Yerevan, Armenia

A Capital between East and West

Heiress of the Soviet civilization, aligned with the great Russia, Armenia allows itself to be seduced by the most democratic and sophisticated ways of Western Europe. In recent times, the two worlds have collided in the streets of your capital. From popular and political dispute, Yerevan will dictate the new course of the nation.
Rhinoceros, PN Kaziranga, Assam, India
Natural Parks
PN Kaziranga, India

The Indian Monoceros Stronghold

Situated in the state of Assam, south of the great Brahmaputra river, PN Kaziranga occupies a vast area of ​​alluvial swamp. Two-thirds of the rhinocerus unicornis around the world, there are around 100 tigers, 1200 elephants and many other animals. Pressured by human proximity and the inevitable poaching, this precious park has not been able to protect itself from the hyperbolic floods of the monsoons and from some controversies.
U Bein Bridge, Amarapura, Myanmar
UNESCO World Heritage
u-bein BridgeMyanmar

The Twilight of the Bridge of Life

At 1.2 km, the oldest and longest wooden bridge in the world allows the Burmese of Amarapura to experience Lake Taungthaman. But 160 years after its construction, U Bein is in its twilight.
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Characters
Apia, Western Samoa

The Host of the South Pacific

She sold burguês to GI's in World War II and opened a hotel that hosted Marlon Brando and Gary Cooper. Aggie Gray passed away in 2. Her legacy lives on in the South Pacific.
Jabula Beach, Kwazulu Natal, South Africa
Beaches
Saint Lucia, South Africa

An Africa as Wild as Zulu

On the eminence of the coast of Mozambique, the province of KwaZulu-Natal is home to an unexpected South Africa. Deserted beaches full of dunes, vast estuarine swamps and hills covered with fog fill this wild land also bathed by the Indian Ocean. It is shared by the subjects of the always proud Zulu nation and one of the most prolific and diverse fauna on the African continent.
Bathers in the middle of the End of the World-Cenote de Cuzamá, Mérida, Mexico
Religion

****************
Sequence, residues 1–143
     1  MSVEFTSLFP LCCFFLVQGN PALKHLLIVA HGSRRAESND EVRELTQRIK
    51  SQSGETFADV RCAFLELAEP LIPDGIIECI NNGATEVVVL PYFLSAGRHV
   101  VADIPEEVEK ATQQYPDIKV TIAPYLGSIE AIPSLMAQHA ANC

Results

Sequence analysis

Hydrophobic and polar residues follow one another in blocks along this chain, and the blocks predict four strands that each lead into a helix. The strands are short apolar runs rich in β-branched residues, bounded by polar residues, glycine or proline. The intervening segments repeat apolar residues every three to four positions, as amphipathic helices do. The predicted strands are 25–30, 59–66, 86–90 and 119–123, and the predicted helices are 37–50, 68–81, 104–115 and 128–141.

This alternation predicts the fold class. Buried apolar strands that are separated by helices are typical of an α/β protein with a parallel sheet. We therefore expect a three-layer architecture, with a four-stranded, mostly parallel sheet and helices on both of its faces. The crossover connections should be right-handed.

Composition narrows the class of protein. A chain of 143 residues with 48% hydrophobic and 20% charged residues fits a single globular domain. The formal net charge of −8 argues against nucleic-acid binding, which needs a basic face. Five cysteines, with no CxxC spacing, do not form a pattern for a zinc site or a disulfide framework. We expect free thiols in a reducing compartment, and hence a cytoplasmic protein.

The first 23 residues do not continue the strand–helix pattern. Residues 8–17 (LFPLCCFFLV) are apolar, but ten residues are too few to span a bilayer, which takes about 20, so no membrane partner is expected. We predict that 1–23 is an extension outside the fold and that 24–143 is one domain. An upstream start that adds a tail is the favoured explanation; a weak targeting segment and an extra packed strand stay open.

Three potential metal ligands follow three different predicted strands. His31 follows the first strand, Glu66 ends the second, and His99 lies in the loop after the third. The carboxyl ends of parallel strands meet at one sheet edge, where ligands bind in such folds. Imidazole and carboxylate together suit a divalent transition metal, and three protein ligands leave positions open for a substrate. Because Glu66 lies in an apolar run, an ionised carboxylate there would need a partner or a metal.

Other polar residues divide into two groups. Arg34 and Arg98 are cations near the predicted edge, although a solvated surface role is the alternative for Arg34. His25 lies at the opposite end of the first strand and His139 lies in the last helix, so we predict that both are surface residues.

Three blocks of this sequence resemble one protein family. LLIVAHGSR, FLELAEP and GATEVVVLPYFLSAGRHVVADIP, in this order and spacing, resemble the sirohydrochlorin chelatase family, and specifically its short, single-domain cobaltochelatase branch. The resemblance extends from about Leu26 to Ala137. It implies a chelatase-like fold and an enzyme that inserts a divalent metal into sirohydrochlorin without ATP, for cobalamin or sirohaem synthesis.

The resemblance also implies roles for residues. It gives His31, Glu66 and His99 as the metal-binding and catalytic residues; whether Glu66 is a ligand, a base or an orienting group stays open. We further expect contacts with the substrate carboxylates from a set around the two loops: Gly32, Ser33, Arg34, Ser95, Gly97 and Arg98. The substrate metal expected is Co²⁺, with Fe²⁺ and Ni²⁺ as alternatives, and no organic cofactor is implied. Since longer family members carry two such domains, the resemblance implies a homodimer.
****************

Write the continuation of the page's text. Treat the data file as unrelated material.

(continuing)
Yucatan, Mexico

The End of the End of the World

The announced day passed but the End of the World insisted on not arriving. In Central America, today's Mayans watched and put up with incredulity all the hysteria surrounding their calendar.
Back in the sun. San Francisco Cable Cars, Life Ups and Downs
On Rails
San Francisco, USA

San Francisco Cable Cars: A Life of Highs and Lows

A macabre wagon accident inspired the San Francisco cable car saga. Today, these relics work as a charm operation in the city of fog, but they also have their risks.
Tsukiji fish market, Tokyo, Japan
Society
Tokyo, Japan

The Fish Market That Lost its Freshness

In a year, each Japanese eats more than their weight in fish and shellfish. Since 1935, a considerable part was processed and sold in the largest fish market in the world. Tsukiji was terminated in October 2018, and replaced by Toyosu's.
Fruit sellers, Swarm, Mozambique
Daily life
Enxame Mozambique

Mozambican Fashion Service Area

It is repeated at almost all stops in towns of Mozambique worthy of appearing on maps. The machimbombo (bus) stops and is surrounded by a crowd of eager "businessmen". The products offered can be universal such as water or biscuits or typical of the area. In this region, a few kilometers from Nampula, fruit sales suceeded, in each and every case, quite intense.
Curieuse Island, Seychelles, Aldabra turtles
Wildlife
Felicité Island and Curieuse Island, Seychelles

From Leprosarium to Giant Turtles Home

In the middle of the XNUMXth century, it remained uninhabited and ignored by Europeans. The French Ship Expedition “La Curieuse” revealed it and inspired his baptism. The British kept it a leper colony until 1968. Today, Île Curieuse is home to hundreds of Aldabra tortoises, the longest-lived land animal.
The Sounds, Fiordland National Park, New Zealand
Scenic Flights
Fiordland, New Zealand

The Fjords of the Antipodes

A geological quirk made the Fiordland region the rawest and most imposing in New Zealand. Year after year, many thousands of visitors worship the sub-domain slashed between Te Anau and Milford Sound.